The Australian Shepherd

The Australian Shepherd

04.08.2019. 19:57:00

Despite his name, the Australian shepherd (often called Aussie) is not at all an Australian dog! These dogs were originally developed in the USA to herd livestock. These dog’s true origin is quite a mystery. The theory is that Australian shepherds were brought to America by the immigrants who came there and brought sheep and other livestock with them. They also brought their favorite herding dogs. Many of these dogs were from Australia, and although it is common belief that Australian shepherds have some Basque roots and were brought to USA via Spain, the name Australian shepherd stuck. Some people believe that the breed’s name is a result of this breed’s affiliation with Basque shepherds that came from Australia. Whatever their history is, once a number one herding dog, today Australian shepherd is a great family dog, a superb search and rescue dog, assistance dog, therapy dog, detection dog, etc.

Australian shepherds are medium-sized dogs. Males are 20-23 inches in height and they weigh 50-65 pounds. Females are slightly smaller with an average height of 18-21 inches. They weigh about 40-55 pounds. Australian Shepherds have medium-length water-resistant coat that comes in several colors: red merle, blue merle, red, black, and tri-color (white, black, and tan).

TIP: Avoid purchasing an Australian Shepherd who is primarily white. White color usually occurs when two merle-colored Aussies are bred together and is genetically linked to deafness and blindness.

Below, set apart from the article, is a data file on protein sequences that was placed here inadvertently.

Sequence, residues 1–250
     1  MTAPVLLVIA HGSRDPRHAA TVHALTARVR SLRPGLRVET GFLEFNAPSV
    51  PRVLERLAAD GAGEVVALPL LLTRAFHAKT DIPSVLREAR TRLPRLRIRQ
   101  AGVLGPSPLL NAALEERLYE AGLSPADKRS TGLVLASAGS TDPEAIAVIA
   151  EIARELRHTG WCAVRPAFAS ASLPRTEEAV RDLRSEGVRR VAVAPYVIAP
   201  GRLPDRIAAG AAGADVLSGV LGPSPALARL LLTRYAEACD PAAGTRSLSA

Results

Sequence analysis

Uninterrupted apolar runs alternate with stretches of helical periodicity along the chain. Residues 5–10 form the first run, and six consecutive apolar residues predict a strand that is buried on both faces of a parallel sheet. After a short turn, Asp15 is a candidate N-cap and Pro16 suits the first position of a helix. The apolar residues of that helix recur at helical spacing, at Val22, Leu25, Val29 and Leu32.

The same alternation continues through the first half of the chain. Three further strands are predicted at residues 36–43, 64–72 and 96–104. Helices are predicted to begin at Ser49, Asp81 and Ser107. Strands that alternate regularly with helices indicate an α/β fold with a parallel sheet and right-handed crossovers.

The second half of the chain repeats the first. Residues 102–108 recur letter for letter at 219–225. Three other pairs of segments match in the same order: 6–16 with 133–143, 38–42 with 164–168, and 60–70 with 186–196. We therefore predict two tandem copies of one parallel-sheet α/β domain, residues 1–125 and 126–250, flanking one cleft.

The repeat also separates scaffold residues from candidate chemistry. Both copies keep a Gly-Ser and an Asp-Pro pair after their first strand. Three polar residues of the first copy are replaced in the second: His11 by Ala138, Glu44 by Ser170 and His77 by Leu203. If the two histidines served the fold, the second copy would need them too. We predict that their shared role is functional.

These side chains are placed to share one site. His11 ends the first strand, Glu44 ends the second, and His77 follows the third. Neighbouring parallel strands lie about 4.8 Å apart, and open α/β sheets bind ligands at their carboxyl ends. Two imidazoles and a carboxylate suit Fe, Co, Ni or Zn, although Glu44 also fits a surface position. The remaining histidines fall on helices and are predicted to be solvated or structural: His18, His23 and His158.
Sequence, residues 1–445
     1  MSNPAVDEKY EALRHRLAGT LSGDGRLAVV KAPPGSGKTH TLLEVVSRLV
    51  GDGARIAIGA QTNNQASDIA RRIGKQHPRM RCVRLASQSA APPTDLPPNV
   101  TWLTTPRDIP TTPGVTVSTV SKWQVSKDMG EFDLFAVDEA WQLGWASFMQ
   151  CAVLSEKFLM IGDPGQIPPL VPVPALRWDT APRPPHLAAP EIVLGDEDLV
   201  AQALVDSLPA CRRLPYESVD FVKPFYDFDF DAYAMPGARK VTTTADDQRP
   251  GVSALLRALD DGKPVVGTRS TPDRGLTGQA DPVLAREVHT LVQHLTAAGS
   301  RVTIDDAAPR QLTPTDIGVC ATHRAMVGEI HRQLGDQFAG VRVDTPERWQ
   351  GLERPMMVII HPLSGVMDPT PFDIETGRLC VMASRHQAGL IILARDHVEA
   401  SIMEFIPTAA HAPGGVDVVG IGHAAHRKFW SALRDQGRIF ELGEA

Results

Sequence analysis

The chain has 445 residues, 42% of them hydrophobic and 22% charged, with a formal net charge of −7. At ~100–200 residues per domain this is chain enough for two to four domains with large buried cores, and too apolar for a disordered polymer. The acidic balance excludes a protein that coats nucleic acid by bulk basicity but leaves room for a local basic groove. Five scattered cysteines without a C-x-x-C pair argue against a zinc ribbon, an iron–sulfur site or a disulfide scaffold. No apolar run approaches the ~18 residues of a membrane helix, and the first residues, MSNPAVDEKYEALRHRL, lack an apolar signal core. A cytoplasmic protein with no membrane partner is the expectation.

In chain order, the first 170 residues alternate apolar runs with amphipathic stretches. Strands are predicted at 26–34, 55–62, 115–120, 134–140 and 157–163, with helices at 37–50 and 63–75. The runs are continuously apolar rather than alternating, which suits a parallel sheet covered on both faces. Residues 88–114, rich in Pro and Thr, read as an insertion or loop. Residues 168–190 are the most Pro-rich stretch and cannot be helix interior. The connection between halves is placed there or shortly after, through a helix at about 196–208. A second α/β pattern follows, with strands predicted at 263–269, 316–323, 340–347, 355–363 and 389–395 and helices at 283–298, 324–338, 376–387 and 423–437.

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The Australian Shepherd - do they shed

Aussies shed year-round (during shedding season in spring and fall they shed heavily) so make sure you brush your Aussie regularly. Use a long-bristled brush with stiff nylon bristles. Bathe the dog only when needed. Bating can strip the natural oils in their coat that make it water resistant, so it is not recommended to do it often. This way your Aussie’s coat will always look its best.

TIP: Before brushing, sprinkle the dog’s coat with a dog hair conditioner rarefied with water to detangle the hair easier (mats are most common behind Aussie’s ears).

FUN FACT: A lot of Australian shepherds (one in five, to be exact) are born with a naturally bobbed tail. This is a result of breeding the tail out of breed.

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The Australian Shepherd - exercise

Australian shepherds are highly energetic and active breed. They were bred to work all day, so these dogs need a lot of daily exercise. Australian shepherd need an active lifestyle to be happy. They love to be outside and to be part of an action, whether it is running, and chasing balls, playing, jumping or jogging. If you are thinking about getting an Australian shepherd, make sure you have enough free time and energy to spend it outside playing and training your Aussie. If your schedule can’t allow you that, consider getting some less active breed. Except for daily activity, these dogs also need consistency. They like things to happen at the same time every day.

FUN FACT: Aussies love to play Frisbee. In the 1970s, there was Australian shepherd named Hyper Hank who was famous for his Frisbee playing skills. Hyper Hank and his owner, Eldon McIntire, even performed at the pre-show of Super Bowl XII.